III.

The first issue before this court is whether the court of appeals misinterpreted Fleming, thereby creating a conflict with Pierringer by holding that a covenant not to sue has the same effect as a Pierringer release when given to an intentional tortfeasor. This issue presents a question of law; therefore, we will review this issue de novo without deference to the decisions of the lower courts. Bell v. County of Milwaukee, 134 Wis.2d 25, 30, 396 N.W.2d 328 (1986).

In Fleming, this court held that a negligent joint tortfeasor has a right to indemnity from an intentional joint tortfeasor. Fleming, 131 Wis.2d at 130.

Were we to allow a negligent tortfeasor only a right to contribution from an intentional joint tortfeasor, the intentional tortfeasor effectively would receive the benefit of contribution from the negligent tortfeasor, in direct conflict with the established law in this state. While this approach allows a defendant who is causally negligent to escape from liability in some circumstances, we believe that shifting the full responsibility for the loss to the intentional tortfeasor serves the policy of deterring conduct which society considers to be substantially more egregious than negligence.

Id.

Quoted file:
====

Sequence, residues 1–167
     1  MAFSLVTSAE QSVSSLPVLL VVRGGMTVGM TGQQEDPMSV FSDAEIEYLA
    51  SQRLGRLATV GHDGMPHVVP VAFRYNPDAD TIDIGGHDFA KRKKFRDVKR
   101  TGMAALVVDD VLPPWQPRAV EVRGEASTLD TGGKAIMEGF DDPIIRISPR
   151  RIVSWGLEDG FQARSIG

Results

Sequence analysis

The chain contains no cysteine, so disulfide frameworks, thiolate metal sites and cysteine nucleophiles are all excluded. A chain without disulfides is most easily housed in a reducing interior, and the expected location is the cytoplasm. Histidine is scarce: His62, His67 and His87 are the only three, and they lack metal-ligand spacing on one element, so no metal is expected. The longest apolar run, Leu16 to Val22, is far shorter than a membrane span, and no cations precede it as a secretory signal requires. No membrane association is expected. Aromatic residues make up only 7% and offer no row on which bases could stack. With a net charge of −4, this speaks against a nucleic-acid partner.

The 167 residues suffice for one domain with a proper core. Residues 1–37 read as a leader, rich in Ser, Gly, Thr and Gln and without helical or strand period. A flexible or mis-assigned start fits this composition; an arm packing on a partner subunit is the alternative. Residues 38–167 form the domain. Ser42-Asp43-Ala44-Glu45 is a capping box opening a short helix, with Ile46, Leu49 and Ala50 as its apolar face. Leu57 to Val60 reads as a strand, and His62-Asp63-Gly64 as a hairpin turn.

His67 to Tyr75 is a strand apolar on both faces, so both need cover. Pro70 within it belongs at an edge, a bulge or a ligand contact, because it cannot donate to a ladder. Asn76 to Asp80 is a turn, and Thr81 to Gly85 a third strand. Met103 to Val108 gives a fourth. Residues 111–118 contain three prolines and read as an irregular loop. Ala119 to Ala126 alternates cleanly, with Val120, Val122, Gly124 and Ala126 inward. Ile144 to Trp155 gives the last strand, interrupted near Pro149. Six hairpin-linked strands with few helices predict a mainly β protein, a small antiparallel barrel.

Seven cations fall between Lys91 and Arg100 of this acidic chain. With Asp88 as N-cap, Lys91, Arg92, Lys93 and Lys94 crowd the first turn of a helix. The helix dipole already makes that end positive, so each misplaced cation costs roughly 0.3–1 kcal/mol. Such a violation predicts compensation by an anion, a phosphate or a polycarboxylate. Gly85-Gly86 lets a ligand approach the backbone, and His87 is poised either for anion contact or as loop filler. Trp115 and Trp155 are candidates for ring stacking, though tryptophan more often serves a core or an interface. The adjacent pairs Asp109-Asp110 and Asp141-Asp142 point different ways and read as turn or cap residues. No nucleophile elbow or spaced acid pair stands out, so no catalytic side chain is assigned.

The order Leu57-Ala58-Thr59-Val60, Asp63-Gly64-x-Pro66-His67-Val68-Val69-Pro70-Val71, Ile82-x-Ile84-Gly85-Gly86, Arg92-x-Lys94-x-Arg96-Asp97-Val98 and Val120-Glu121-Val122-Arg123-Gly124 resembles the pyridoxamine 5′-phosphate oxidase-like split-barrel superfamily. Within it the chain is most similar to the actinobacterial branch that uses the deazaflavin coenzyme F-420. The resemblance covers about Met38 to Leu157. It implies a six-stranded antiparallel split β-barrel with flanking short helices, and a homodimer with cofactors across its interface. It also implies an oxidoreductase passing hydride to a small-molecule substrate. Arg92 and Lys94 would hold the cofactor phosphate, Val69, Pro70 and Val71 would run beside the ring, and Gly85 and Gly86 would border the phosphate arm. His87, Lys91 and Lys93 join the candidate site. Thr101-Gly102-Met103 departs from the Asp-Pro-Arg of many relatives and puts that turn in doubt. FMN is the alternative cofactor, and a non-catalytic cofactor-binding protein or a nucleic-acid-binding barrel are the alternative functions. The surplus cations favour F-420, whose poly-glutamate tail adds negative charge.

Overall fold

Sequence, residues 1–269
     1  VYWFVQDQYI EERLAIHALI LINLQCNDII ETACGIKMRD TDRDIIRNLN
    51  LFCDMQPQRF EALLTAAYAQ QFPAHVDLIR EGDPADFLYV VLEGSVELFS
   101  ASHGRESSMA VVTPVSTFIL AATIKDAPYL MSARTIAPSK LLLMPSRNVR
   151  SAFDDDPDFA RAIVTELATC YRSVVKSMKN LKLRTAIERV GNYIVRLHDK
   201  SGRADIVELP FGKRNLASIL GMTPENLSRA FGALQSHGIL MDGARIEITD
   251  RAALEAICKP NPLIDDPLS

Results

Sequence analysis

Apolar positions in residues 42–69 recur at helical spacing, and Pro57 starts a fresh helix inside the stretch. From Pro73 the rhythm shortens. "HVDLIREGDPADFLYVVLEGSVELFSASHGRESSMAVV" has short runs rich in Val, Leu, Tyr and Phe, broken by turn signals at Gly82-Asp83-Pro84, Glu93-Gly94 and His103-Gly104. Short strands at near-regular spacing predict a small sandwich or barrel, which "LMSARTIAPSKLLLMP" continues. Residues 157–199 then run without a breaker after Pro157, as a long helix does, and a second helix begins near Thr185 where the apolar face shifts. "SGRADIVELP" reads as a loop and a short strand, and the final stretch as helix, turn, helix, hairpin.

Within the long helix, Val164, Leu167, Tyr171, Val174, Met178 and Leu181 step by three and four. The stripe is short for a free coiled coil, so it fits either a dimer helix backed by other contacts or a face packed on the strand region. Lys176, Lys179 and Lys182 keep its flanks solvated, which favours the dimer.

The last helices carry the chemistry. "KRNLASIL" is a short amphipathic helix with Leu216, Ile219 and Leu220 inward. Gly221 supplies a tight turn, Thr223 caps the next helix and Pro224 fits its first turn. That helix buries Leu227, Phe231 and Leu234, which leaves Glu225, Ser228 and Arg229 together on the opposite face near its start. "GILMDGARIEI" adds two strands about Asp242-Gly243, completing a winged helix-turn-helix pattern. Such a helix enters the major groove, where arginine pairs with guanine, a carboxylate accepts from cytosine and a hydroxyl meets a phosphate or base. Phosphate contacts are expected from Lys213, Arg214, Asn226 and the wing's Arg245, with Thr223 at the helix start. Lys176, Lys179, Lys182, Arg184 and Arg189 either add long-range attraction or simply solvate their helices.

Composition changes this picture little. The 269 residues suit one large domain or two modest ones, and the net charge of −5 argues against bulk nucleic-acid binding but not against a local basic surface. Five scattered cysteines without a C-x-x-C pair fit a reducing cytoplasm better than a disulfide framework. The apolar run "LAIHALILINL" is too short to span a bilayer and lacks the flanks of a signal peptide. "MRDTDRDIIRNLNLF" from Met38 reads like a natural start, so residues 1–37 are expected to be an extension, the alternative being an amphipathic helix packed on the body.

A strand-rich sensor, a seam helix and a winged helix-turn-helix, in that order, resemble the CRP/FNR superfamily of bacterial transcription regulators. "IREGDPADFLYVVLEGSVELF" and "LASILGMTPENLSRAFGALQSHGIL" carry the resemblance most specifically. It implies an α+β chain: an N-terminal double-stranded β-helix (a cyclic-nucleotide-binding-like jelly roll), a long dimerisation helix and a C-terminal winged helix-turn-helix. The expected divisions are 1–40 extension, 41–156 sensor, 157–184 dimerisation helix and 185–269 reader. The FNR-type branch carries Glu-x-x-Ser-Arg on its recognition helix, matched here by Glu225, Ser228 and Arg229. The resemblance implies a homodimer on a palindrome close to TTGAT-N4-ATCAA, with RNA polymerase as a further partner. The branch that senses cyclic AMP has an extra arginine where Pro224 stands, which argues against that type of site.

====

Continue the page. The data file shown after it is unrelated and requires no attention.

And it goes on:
Having concluded in the first part of Fleming that a negligent joint tortfeasor has a right to indemnity from an intentional joint tortfeasor for any sums the negligent joint tortfeasor is obligated to pay the plaintiff in satisfaction of the negligent joint tortfeasor's liability, we addressed the issue of how the plaintiff's Pierringer release of the intentional joint tortfeasor affected the negligent joint tortfeasor's liability. The plaintiff argued that the Pierringer release of the intentional joint tortfeasor only affected his rights against the intentional joint tortfeasor and did not foreclose the negligent joint tortfeasor's right to seek indemnity from the intentional joint tortfeasor. Because the negligent joint tortfeasor retains his right to seek indemnity, the plaintiff argued that he should be allowed to recover his damages from the negligent joint tortfeasor. We disagreed and held that a Pierringer release of an intentional joint tortfeasor operates to absolve a negligent joint tortfeasor of liability to a plaintiff who has released the intentional joint tortfeasor because the negligent joint tortfeasor's right to indemnity from the intentional joint tortfeasor becomes a right to indemnity from the plaintiff. Id. at 125. See also Gauerke v. Rozga, 112 Wis.2d 271, 283-84, 332 N.W.2d 804 (1983).